Synergistic impacts of anthropogenic fires and aridity on plant diversity in the Western Ghats: Implications for management of ancient social-ecological systems

Kulkarni, Charuta; Finsinger, Walter; Anand, Pallavi; Nogué, Sandra and Bhagwat, Shonil (2021). Synergistic impacts of anthropogenic fires and aridity on plant diversity in the Western Ghats: Implications for management of ancient social-ecological systems. Journal of Environmental Management (In Press).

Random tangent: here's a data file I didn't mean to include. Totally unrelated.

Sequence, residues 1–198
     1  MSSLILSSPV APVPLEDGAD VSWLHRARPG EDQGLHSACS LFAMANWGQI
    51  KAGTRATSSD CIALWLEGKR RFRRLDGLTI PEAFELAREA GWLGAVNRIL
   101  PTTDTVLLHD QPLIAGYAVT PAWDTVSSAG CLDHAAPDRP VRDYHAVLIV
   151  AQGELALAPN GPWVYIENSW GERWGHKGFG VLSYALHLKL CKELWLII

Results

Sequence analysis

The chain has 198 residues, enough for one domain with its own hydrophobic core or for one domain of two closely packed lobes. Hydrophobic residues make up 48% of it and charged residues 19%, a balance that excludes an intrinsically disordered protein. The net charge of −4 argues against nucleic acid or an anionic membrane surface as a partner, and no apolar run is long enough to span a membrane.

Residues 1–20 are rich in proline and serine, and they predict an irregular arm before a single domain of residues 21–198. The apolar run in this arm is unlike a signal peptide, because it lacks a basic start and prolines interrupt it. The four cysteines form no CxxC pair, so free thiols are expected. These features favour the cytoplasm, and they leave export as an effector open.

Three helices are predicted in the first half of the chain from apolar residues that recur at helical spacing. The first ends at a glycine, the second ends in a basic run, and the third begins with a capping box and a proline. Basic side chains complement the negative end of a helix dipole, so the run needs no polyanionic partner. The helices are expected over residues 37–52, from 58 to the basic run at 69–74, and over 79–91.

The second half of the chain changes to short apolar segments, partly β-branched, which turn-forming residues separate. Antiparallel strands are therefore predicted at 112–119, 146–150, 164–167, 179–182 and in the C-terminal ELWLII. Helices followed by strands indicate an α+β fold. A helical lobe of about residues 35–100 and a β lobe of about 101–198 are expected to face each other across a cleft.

Identifying the impacts of anthropogenic fires on biodiversity is imperative for human-influenced tropical rainforests because: i) these ecosystems have been transformed by human-induced fires for millennia; and ii) their effective management is essential for protecting the world’s terrestrial biodiversity in the face of global environmental change. While several short-term studies elucidate the impacts of fires on local plant diversity, how plant diversity responds to fire regimes over long timescales (>100 years) is a significant knowledge gap, posing substantial impediment to evidence-based management of tropical social-ecological systems. Using wet evergreen forests of the Western Ghats of India as a model system, we discuss the synergistic effects of anthropogenic fires and enhanced aridity on tropical plant diversity over the past 4000 years by examining fossil pollen-based diversity indices (e.g., pollen richness and evenness, and temporal β-diversity), past fire management, the intervals of enhanced aridity due to reduced monsoon rainfall and land use history. By developing a historical perspective, our aim is to provide region-specific management information for biodiversity conservation in the Western Ghats. We observe that the agroforestry landscape switches between periods of no fires (4000-1800 yr BP, and 1400-400 yr BP) and fires (1800-1400 yr BP, and 400-0 yr BP), with both fire periods concomitant with intervals of enhanced aridity. We find synergistic impacts of anthropogenic fires and aridity on plant diversity uneven across time, pointing towards varied land management strategies implemented by the contemporary societies. For example, during 1800-1400 yr BP, diversity reduced in conjunction with a significant decrease in the canopy cover related to sustained use of fires, possibly linked to large-scale intensification of agriculture. On the contrary, the substantially reduced fires during 400-0 yr BP may be associated with the emergence of sacred forest groves, a cultural practice supporting the maintenance of plant diversity. Overall, notwithstanding apparent changes in fires, aridity, and land use over the past 4000 years, present-day plant diversity in the Western Ghats agroforestry landscape falls within the range of historical variability. Importantly, we find a strong correlation between plant diversity and canopy cover, emphasising the crucial role of maintenance of trees in the landscape for biodiversity conservation. Systematic tree management in tropical social-ecological systems is vital for livelihoods of billions of people, who depend on forested landscapes. In this context, we argue that agroforestry landscapes can deliver win-win solutions for biodiversity as well as people in the Western Ghats and wet topics at large.

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